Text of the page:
Faulty energy production in brain cells leads to disorders ranging from Parkinson's to intellectual disability

May 17, 2013

Neuroscientist Patrik Verstreken of VIB (Flanders Institute for Biotechnology) and KU Leuven has shown for the first time that dysfunctional mitochondria in brain cells can lead to learning disabilities. The link between dysfunctional mitochondria and Parkinson's disease is known, but this new research shows that it is also present in other brain disorders.

Patrik Verstreken (VIB / KU Leuven): "This discovery shows that energy production in is the basis of various disorders. We hope that a better understanding of the mechanisms used by the cell to maintain optimum energy levels will lead in the long term to medical applications that prevent or cure these diseases."

Dysfunctional mitochondria toxic for the brain cell

Well-functioning – the that generate energy in cells – are essential for a healthy brain. They provide the energy needed for communication between brain cells, which is crucial for transmitting and signals and thus for optimal functioning of the body. Earlier research has shown that Parkinson's disease is often paired with dysfunctional mitochondria. Moreover, dysfunctional mitochondria are not efficiently discarded from the cell, which complicates the operation of other healthy mitochondria and leads to insufficient energy production in the cell. They can be compared to a faulty engine that emits .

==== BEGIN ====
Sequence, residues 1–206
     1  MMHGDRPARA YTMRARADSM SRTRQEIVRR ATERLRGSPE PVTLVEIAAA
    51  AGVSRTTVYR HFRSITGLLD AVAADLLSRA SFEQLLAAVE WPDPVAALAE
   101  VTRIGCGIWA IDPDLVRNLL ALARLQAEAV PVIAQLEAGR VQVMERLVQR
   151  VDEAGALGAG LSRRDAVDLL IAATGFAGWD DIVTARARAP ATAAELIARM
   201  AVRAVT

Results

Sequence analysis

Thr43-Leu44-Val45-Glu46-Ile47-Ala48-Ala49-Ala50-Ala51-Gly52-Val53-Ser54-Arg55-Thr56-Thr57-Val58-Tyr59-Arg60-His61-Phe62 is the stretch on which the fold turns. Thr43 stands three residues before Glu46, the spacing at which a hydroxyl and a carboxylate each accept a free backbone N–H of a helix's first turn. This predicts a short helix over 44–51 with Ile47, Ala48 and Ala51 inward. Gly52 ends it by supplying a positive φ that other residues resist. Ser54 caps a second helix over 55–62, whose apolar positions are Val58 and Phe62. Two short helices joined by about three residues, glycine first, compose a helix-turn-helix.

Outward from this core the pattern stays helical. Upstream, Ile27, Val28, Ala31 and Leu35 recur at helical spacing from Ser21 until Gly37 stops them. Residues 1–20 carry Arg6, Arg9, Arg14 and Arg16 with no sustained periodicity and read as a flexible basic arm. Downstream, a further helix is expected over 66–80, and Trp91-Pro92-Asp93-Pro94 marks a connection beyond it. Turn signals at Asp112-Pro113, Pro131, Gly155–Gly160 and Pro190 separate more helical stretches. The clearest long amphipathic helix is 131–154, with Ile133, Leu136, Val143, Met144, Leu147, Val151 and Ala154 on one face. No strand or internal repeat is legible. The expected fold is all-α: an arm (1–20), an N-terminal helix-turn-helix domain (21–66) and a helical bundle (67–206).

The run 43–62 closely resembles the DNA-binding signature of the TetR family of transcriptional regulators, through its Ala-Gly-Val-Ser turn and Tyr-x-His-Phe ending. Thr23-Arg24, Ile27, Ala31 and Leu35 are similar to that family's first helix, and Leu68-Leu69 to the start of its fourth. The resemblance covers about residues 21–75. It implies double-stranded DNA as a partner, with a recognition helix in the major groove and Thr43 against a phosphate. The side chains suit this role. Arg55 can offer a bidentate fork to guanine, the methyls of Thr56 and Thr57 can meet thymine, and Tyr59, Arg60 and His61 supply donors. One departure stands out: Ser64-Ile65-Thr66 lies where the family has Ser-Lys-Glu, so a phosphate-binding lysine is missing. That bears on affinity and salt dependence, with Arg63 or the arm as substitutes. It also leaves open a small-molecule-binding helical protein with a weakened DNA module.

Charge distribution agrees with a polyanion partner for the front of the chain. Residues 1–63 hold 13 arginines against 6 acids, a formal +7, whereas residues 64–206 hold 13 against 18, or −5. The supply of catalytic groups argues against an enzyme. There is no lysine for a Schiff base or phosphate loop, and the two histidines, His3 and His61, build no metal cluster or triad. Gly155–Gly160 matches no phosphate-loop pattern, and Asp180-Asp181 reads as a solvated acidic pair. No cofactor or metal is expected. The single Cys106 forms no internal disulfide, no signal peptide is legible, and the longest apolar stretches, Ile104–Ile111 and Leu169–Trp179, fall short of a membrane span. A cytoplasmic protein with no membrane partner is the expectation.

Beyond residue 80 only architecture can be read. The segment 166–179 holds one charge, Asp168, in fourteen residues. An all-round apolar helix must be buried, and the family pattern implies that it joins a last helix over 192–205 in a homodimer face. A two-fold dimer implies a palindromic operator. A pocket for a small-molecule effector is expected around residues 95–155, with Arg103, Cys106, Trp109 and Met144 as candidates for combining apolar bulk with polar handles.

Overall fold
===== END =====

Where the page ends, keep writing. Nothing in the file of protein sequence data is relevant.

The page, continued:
Quality control by the brain cell

The Leuven-based VIB researchers Dominik Haddad, Vanessa Morais and Patrik Verstreken have unraveled the mechanism by which brain cells trigger the destruction of dysfunctional mitochondria. Once the mechanism is triggered, communication between brain cells is reestablished. The researchers were surprised to find that this mechanism is not only defective in Parkinson's disease, but also in specific cases of . These results indicate the wider importance of mitochondria for optimal functioning of our brains. Haddad, Morais and Verstreken hope that their insights eventually contribute to the prevention of various brain disorders.

Brain disorders in Europe

1 in 3 Europeans will suffer from a brain disorder during his or her lifetime. All of us know people with dementia, schizophrenia, intellectual disability or another brain condition. Each of these diseases penetrates to a person's core and have a huge impact on the patient and his or her family. They also carry an economic impact: €800 billion is spent each year in Europe to cover brain disorder-related health needs.

Bart De Strooper (VIB/KU Leuven): "The brain is decisive in shaping who we are, but from a scientific standpoint, it is uncharted territory. This research constitutes an important piece of the complex puzzle. Brain research is vital, especially because weigh so heavily on patients, their families and society. I am delighted that May 2013 has been designated the European Month of the Brain."

Explore further: Vitamin K2: New hope for Parkinson's patients?

More information: Haddad et al. Mutations in the Intellectual Disability Gene Ube2a Cause Neuronal Dysfunction and Impair Parkin-Dependent Mitophagy, Molecular Cell, 2013.

Related Stories

Vitamin K2: New hope for Parkinson's patients?

May 11, 2012